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The Cook's Wedding and Other Stories

A Classical Student
BEFORE setting off for his examination in Greek, Vanya kissed all the holy images. His
stomach felt as though it were upside down; there was a chill at his heart, while the heart
itself throbbed and stood still with terror before the unknown. What would he get that
day? A three or a two? Six times he went to his mother for her blessing, and, as he went
out, asked his aunt to pray for him. On the way to school he gave a beggar two kopecks,
in the hope that those two kopecks would atone for his ignorance, and that, please God,
he would not get the numerals with those awful forties and eighties.
He came back from the high school late, between four and five. He came in, and
noiselessly lay down on his bed. His thin face was pale. There were dark rings round his
red eyes.
"Well, how did you get on? How were you marked?" asked his mother, going to his
bedside.
Vanya blinked, twisted his mouth, and burst into tears. His mother turned pale, let her
mouth fall open, and clasped her hands. The breeches she was mending dropped out of
her hands.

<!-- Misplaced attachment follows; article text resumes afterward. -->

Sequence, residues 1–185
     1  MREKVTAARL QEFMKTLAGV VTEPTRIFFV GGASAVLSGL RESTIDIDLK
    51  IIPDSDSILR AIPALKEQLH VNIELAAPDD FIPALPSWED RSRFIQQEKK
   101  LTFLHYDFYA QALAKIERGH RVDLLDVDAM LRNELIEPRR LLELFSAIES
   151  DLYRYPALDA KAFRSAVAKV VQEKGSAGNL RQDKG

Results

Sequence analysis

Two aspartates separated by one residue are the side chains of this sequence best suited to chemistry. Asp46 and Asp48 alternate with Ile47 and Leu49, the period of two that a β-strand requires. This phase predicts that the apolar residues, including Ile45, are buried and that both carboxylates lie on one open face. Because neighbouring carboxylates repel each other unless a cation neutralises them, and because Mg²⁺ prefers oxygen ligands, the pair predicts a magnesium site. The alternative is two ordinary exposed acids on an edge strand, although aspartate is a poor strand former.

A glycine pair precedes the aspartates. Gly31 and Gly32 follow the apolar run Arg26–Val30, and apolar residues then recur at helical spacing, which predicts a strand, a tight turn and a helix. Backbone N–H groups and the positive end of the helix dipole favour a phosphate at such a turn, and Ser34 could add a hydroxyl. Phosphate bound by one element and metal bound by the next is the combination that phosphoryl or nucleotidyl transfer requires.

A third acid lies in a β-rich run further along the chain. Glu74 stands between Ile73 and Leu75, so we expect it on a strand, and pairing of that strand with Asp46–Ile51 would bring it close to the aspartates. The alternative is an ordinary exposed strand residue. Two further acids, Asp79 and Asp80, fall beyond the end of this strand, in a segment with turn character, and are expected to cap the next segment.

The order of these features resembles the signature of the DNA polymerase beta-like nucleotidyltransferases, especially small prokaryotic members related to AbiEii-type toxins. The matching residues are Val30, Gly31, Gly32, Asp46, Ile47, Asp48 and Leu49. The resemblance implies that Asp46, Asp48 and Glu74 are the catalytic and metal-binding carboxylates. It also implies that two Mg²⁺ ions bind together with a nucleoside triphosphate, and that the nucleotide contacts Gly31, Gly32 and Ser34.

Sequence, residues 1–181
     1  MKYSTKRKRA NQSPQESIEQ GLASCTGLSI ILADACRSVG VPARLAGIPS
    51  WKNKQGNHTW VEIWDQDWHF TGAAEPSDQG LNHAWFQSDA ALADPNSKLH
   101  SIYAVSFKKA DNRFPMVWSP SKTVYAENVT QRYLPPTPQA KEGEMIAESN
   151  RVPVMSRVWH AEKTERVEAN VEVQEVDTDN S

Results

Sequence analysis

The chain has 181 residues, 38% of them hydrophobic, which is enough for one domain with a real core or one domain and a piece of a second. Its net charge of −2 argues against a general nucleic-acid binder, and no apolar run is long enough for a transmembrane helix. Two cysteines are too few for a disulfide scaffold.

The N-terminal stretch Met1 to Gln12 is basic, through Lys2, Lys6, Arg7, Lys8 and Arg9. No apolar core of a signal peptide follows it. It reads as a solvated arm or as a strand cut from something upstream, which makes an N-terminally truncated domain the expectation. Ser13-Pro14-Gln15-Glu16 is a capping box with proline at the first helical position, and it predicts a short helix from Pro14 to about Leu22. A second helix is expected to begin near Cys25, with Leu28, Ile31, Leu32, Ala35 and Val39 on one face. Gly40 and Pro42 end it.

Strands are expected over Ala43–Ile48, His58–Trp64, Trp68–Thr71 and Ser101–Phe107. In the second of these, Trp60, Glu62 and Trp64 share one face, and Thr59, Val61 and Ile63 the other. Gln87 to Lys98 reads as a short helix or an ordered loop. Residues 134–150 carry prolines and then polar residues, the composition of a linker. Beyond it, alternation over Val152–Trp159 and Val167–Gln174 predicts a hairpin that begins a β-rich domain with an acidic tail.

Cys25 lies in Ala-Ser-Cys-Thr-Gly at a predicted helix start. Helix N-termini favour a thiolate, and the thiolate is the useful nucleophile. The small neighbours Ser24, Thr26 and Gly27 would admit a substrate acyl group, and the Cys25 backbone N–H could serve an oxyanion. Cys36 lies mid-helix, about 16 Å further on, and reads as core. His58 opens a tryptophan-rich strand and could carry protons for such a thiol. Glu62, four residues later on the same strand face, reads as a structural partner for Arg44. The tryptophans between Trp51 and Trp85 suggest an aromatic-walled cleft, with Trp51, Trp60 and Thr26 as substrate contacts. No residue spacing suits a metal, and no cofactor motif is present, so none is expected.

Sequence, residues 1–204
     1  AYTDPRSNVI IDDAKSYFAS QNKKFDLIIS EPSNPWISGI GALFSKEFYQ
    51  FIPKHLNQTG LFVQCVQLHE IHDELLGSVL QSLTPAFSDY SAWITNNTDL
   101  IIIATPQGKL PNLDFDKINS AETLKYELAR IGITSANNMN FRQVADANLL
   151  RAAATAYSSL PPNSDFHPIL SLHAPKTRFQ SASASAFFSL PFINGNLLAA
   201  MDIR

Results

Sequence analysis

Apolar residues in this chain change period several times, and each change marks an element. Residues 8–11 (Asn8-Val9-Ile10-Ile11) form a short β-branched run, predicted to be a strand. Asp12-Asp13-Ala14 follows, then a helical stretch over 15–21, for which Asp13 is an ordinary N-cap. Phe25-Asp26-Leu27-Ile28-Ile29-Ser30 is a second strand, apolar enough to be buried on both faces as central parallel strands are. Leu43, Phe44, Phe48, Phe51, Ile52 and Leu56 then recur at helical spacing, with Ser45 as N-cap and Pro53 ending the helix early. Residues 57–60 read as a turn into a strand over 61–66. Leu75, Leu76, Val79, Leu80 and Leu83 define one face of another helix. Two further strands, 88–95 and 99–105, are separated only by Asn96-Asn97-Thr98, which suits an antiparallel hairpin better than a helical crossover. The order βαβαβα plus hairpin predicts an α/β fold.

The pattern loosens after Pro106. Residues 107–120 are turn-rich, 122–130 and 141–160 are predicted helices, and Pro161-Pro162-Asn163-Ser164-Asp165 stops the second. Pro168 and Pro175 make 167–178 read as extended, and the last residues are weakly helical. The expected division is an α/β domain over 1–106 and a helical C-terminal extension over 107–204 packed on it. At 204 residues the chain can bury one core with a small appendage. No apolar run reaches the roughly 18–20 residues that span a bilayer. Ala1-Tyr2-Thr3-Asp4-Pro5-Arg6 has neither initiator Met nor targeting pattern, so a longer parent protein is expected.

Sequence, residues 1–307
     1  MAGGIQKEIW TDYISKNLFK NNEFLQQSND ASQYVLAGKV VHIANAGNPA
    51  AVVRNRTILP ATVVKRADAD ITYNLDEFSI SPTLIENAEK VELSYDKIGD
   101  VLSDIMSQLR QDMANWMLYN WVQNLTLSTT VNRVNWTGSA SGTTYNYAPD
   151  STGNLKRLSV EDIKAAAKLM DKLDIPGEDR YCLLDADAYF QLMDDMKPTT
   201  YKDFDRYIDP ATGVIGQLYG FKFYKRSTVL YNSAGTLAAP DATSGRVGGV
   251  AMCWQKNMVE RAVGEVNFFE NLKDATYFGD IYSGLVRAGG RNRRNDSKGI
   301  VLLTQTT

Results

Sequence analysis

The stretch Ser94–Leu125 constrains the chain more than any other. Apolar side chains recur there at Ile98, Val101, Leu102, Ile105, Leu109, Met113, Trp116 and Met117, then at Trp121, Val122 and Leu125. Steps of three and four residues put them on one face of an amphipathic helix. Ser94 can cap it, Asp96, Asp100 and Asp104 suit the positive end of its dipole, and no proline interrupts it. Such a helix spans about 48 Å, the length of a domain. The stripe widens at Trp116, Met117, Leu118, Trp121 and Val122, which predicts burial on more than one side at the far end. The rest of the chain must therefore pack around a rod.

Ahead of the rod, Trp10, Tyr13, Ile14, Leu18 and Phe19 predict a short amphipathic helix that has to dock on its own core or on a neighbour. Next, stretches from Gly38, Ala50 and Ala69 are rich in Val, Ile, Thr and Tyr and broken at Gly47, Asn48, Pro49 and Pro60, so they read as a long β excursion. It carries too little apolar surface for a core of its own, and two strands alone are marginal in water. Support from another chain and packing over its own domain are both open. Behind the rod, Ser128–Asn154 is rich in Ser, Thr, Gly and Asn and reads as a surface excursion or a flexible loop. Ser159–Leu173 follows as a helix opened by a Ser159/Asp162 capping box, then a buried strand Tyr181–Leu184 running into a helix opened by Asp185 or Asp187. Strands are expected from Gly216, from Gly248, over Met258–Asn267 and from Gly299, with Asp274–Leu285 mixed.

"What are you crying for? You've failed, then?" she asked.
"I am plucked. . . . I got a two."
"I knew it would be so! I had a presentiment of it," said his mother. "Merciful God! How
is it you have not passed? What is the reason of it? What subject have you failed in?"
"In Greek. . . . Mother, I . . . They asked me the future of phero, and I . . . instead of
saying oisomai said opsomai. Then . . . then there isn't an accent, if the last syllable is
long, and I . . . I got flustered. . . . I forgot that the alpha was long in it . . . . I went and put
in the accent. Then Artaxerxov told me to give the list of the enclitic particles. . . . I did,
and I accidentally mixed in a pronoun . . . and made a mistake . . . and so he gave me a
two. . . . I am a miserable person. . . . I was working all night. . . I've been getting up at
four o'clock all this week . . . ."
"No, it's not you but I who am miserable, you wretched boy! It's I that am miserable!
You've worn me to a threadpaper, you Herod, you torment, you bane of my life! I pay for
you, you good-for-nothing rubbish; I've bent my back toiling for you, I'm worried to
death, and, I may say, I am unhappy, and what do you care? How do you work?"
"I . . . I do work. All night. . . . You've seen it yourself."
 
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